Other Things

It's a good idea to bring some business cards along so you can easily pass your information to people you meet.  Also, start an Instagram profile if you don't have one already.  That's probably the easiest way for photographers to connect.

It'd be smart to bring along a water bottle that you can refill in your hotel room each morning, as well as some snacks like Cliff bars if you need a little more energy.

We will have several opportunities to have FREE portfolio reviews done at the conference.  If this is something that interests you, then please put together 14 of your very best images in a folder on your computer or in a Lightroom collection.  You'll show them to your reviewer on your computer screen and they can talk through them with you and give you encouragement, advice on what to focus on next, etc.  When putting images in your portfolio, I'd recommend that each photo is from a DIFFERENT shoot.  Including multiple photos of the same model or same location won't give your reviewer as much of an idea of where your skill level is and how to help.

Ride Sharing

We'll likely be doing lots of ride sharing at this event as we travel to photo locations.  Attendees are responsible for transportation.

If you are getting a rental car, then consider getting one size larger than you normally do so that you could invite photo buddies to join you on the way to locations.  It's more fun to travel in a group and get to know new people anyway.

If you don't want to get a rental car, no problem.  There will likely be lots of people willing to ride share.  But be sure to download the Uber app on your phone.  Then enter in promo code jimh2479ue.  That will make your first Uber ride free!  Uber is a less expensive (WAY less expensive) alternative to a taxi.  So if you're ever at the conference needing a ride somewhere, you open the app and click the “Pick me up” button and a driver will be there within 2 or 3 minutes.  It's really inexpensive and super convenient.  I rarely get a rental car anymore when I go to a bigger city because Uber is so handy.  This way you don't have to pay for parking too.

Let's Do This!

It's normal to feel a bit apprehensive if this is your first Improve Photography event–especially if you don't know anyone before coming.  I promise you'll leave with many new friends if you make the effort to get to know people, share rides, and let yourself loose.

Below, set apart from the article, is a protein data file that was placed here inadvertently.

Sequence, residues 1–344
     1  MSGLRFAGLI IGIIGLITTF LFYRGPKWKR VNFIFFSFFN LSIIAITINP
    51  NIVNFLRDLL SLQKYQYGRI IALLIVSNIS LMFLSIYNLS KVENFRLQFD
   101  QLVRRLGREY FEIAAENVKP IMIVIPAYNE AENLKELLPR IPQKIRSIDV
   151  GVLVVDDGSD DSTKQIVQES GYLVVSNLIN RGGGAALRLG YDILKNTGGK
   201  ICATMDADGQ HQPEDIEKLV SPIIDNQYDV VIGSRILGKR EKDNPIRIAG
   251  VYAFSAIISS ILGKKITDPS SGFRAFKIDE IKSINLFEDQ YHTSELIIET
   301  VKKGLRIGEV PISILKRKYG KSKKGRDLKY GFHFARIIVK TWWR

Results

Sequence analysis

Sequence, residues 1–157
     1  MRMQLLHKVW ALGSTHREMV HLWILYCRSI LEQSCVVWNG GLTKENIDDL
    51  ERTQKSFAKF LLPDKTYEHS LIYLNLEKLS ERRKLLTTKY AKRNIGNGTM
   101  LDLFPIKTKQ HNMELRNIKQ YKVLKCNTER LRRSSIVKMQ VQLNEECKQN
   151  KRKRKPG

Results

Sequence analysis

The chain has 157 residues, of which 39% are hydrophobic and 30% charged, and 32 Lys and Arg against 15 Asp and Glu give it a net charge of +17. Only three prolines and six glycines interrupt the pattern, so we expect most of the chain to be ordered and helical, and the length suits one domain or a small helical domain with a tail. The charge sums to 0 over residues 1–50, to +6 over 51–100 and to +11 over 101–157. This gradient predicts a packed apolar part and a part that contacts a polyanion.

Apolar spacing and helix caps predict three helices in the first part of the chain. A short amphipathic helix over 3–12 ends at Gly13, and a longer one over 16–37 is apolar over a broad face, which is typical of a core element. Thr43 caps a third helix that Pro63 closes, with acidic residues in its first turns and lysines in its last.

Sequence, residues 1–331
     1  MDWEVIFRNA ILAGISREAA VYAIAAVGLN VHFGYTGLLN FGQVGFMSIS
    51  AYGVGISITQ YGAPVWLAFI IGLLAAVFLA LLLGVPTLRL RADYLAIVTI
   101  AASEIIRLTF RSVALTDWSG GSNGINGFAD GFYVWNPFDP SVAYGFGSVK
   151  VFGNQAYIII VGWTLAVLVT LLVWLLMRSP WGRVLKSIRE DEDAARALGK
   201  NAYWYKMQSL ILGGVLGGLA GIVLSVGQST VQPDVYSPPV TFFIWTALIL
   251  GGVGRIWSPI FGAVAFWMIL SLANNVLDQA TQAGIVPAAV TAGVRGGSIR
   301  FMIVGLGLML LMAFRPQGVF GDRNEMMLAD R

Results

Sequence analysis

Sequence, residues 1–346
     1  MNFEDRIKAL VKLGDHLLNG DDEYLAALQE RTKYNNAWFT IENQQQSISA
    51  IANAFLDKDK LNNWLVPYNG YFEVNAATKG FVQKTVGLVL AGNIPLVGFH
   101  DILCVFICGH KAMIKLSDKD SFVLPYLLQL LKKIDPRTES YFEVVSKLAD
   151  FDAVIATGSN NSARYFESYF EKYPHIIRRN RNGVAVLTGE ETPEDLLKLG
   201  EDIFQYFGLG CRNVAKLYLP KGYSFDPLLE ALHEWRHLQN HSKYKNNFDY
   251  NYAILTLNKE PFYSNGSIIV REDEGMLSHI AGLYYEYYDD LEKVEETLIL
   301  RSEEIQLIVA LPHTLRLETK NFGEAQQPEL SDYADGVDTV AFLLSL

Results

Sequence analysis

I see previous IP meetup attendees attending each other's weddings, going on vacation together, meeting up at old locations together and re-living our workshops, etc.  Just come with a positive attitude and you'll have an absolutely wonderful week.


About the Author

Jim Harmer

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Jim Harmer is the founder of Improve Photography, and host of the popular Improve Photography Podcast. More than a million photographers follow him on social media, and he has been listed at #35 in rankings of the most popular photographers in the world. Jim travels the world to shoot with readers of Improve Photography in his series of free photography workshops. See his portfolio here.

Comments

  1. Wow, I am a photographer just starting out really, been shooting for a few years now but just really started building my brand, website and clientele. I am so excited about attending this event. I am very eager of learning new and improve photography in my business. Thank you so much for putting such an awesome and informative conference together. It definitely is a blessing for me and cannot wait to meet and see everyone in 2018.

  2. What a great location. Charleston is my favorite place in the US. My wife and I actually went to university there and go back quite often to visit family, enjoy the scenery and the FOOD! I hope I can make this event and learn from your amazing instructors.